Justia Delaware Court of Chancery Opinion Summaries

Articles Posted in Real Estate & Property Law

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Plaintiffs bought a townhouse condominium unit from Defendant. After the sale, repairs of leaks in the other condominium units caused by poor construction required the condominium board to collect special assessments in the amount of $65,000 from each unit holder, including Plaintiffs. Recoupment from the builder offset the sum, but Plaintiffs remained out-of-pocket over $40,000. Plaintiffs sued Defendant, alleging fraud and equitable fraud due to Defendant's allegedly insufficient disclosures made to Plaintiffs before the sale. The Court of Chancery entered judgment in favor of Defendant, holding (1) Plaintiffs failed to prove Defendant committed common-law fraud because they failed to show Defendant misrepresented or omitted some material fact before the sale of the condominium; and (2) rescission was not warranted under the facts of this case, and therefore, equitable fraud was inappropriate. View "Grzybowski v. Tracy" on Justia Law

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This action came before the Court of Chancery on a petition for a decree of distribution in an estate matter. Petitioner and his sister, Respondent, were the intestate heirs of their mother's estate. Ordinarily the estate would be divided evenly between the two of them. Petitioner argued, however, that his sister was not entitled to any additional funds from the estate because (1) she benefited when the estate's property was sold and the proceeds were used to pay off a mortgage she owed on the property, which had the effect of decreasing the amount available in the estate for distribution to the heirs, and (2) Respondent's actions as administratrix depleted the value of the estate. The Court of Chancery ordered that all of the assets in the estate should be distributed to Petitioner, concluding that, after accounting for the benefit Respondent received when the mortgage was paid off, and the loss caused to the estate by the breach of Respondent's fiduciary duties, there were no funds remaining in Respondent's share of the estate. View "In re Riley" on Justia Law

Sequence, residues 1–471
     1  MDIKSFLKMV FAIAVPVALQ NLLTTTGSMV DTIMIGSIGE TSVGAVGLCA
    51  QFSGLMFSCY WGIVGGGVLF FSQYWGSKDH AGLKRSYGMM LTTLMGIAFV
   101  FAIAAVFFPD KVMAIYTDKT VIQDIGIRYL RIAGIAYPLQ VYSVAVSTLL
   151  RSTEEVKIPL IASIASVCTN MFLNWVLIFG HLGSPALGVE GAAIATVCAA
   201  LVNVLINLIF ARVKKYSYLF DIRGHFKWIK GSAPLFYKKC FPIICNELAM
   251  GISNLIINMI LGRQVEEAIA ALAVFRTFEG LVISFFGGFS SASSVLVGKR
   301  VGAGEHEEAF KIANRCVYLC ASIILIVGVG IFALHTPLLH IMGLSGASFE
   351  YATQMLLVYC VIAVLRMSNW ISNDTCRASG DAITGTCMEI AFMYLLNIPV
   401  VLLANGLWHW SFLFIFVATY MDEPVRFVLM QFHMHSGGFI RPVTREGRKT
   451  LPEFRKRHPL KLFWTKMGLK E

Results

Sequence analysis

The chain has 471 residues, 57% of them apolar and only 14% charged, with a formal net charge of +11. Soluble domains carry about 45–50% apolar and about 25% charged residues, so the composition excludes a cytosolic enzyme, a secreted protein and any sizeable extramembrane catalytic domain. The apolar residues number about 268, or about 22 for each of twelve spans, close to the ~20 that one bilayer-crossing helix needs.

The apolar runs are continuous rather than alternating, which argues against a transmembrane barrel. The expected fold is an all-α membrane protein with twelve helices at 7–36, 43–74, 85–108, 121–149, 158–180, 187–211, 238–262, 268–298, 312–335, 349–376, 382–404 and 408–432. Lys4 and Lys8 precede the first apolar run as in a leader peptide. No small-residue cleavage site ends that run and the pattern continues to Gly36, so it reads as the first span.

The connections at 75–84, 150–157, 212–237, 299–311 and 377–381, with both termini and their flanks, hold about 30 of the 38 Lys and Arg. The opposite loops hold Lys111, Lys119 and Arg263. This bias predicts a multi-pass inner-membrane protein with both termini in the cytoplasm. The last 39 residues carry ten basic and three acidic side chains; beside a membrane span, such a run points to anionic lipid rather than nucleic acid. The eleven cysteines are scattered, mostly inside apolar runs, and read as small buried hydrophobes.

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Plaintiff filed a complaint seeking the partition by sale of property owned by her deceased father and distribution of the proceeds to the three cotenants, herself, her sister Claudia, and her brother Benjamin. Claudia filed a counterclaim and cross-claim against Plaintiff, Benjamin, Benjamin's wife, Homeowners Loan Corporation (HLC), and Mortgage Electronic Registration Systems (MERS) for, among other things, a declaratory judgment that she had a life estate in the property. The Court of Chancery found in favor of Plaintiff and her request for a partition of the property. Claudia was then evicted from the property by a trustee appointed by the court to oversee the sale of the property. Thereafter, Plaintiff sought reimbursement for several expenses. HLC and MERS sought attorneys' fees and rent payments. The Court of Chancery awarded a total of $12,098 to Plaintiff for attorneys' fees, rent payments, funeral expenses, and trustee's fees. The Court also awarded $2,166 in rent payments to HLC and MERS and requested an itemized list of fees incurred as a result of Claudia's behavior that was found to be vexatious or in bad faith. View "Brown v. Wiltbank" on Justia Law